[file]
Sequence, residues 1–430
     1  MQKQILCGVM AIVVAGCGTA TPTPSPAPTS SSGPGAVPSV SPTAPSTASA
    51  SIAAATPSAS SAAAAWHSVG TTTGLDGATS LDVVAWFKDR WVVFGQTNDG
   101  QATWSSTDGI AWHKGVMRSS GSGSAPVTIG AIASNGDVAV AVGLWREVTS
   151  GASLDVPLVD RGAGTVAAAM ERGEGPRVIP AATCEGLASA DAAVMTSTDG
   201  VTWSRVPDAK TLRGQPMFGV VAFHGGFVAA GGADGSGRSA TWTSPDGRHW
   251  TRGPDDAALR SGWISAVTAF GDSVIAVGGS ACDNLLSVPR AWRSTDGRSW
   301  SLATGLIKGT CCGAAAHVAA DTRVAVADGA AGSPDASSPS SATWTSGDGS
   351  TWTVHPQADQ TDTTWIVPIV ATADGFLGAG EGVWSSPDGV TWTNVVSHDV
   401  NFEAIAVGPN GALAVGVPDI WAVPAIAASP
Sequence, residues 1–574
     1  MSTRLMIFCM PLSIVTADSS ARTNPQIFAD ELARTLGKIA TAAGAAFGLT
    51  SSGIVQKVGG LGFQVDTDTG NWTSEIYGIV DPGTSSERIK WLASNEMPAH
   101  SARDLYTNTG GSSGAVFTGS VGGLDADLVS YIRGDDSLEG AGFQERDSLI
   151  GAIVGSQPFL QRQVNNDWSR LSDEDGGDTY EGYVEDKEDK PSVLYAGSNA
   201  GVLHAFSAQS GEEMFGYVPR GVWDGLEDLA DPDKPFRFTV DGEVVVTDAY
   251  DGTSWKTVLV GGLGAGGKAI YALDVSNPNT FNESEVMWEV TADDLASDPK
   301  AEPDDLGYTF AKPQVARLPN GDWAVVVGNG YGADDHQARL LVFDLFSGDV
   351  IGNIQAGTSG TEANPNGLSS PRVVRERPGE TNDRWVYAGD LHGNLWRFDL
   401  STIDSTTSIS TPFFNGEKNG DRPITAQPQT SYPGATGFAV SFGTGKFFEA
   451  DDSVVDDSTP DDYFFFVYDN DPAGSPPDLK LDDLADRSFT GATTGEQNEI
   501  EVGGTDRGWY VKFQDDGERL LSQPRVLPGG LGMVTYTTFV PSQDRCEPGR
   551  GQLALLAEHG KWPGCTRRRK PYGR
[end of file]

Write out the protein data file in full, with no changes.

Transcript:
Sequence, residues 1–430
     1  MQKQILCGVM AIVVAGCGTA TPTPSPAPTS SSGPGAVPSV SPTAPSTASA
    51  SIAAATPSAS SAAAAWHSVG TTTGLDGATS LDVVAWFKDR WVVFGQTNDG
   101  QATWSSTDGI AWHKGVMRSS GSGSAPVTIG AIASNGDVAV AVGLWREVTS
   151  GASLDVPLVD RGAGTVAAAM ERGEGPRVIP AATCEGLASA DAAVMTSTDG
   201  VTWSRVPDAK TLRGQPMFGV VAFHGGFVAA GGADGSGRSA TWTSPDGRHW
   251  TRGPDDAALR SGWISAVTAF GDSVIAVGGS ACDNLLSVPR AWRSTDGRSW
   301  SLATGLIKGT CCGAAAHVAA DTRVAVADGA AGSPDASSPS SATWTSGDGS
   351  TWTVHPQADQ TDTTWIVPIV ATADGFLGAG EGVWSSPDGV TWTNVVSHDV
   401  NFEAIAVGPN GALAVGVPDI WAVPAIAASP
Sequence, residues 1–574
     1  MSTRLMIFCM PLSIVTADSS ARTNPQIFAD ELARTLGKIA TAAGAAFGLT
    51  SSGIVQKVGG LGFQVDTDTG NWTSEIYGIV DPGTSSERIK WLASNEMPAH
   101  SARDLYTNTG GSSGAVFTGS VGGLDADLVS YIRGDDSLEG AGFQERDSLI
   151  GAIVGSQPFL QRQVNNDWSR LSDEDGGDTY EGYVEDKEDK PSVLYAGSNA
   201  GVLHAFSAQS GEEMFGYVPR GVWDGLEDLA DPDKPFRFTV DGEVVVTDAY
   251  DGTSWKTVLV GGLGAGGKAI YALDVSNPNT FNESEVMWEV TADDLASDPK
   301  AEPDDLGYTF AKPQVARLPN GDWAVVVGNG YGADDHQARL LVFDLFSGDV
   351  IGNIQAGTSG TEANPNGLSS PRVVRERPGE TNDRWVYAGD LHGNLWRFDL
   401  STIDSTTSIS TPFFNGEKNG DRPITAQPQT SYPGATGFAV SFGTGKFFEA
   451  DDSVVDDSTP DDYFFFVYDN DPAGSPPDLK LDDLADRSFT GATTGEQNEI
   501  EVGGTDRGWY VKFQDDGERL LSQPRVLPGG LGMVTYTTFV PSQDRCEPGR
   551  GQLALLAEHG KWPGCTRRRK PYGR